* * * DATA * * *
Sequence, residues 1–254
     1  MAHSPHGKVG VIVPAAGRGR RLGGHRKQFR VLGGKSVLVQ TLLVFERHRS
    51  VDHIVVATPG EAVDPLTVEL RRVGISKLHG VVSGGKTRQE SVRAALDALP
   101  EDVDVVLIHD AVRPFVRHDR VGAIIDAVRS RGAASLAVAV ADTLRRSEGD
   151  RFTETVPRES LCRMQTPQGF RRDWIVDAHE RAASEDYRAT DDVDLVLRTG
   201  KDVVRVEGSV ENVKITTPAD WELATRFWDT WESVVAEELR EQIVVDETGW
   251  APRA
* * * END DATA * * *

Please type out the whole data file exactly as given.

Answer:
Sequence, residues 1–254
     1  MAHSPHGKVG VIVPAAGRGR RLGGHRKQFR VLGGKSVLVQ TLLVFERHRS
    51  VDHIVVATPG EAVDPLTVEL RRVGISKLHG VVSGGKTRQE SVRAALDALP
   101  EDVDVVLIHD AVRPFVRHDR VGAIIDAVRS RGAASLAVAV ADTLRRSEGD
   151  RFTETVPRES LCRMQTPQGF RRDWIVDAHE RAASEDYRAT DDVDLVLRTG
   201  KDVVRVEGSV ENVKITTPAD WELATRFWDT WESVVAEELR EQIVVDETGW
   251  APRA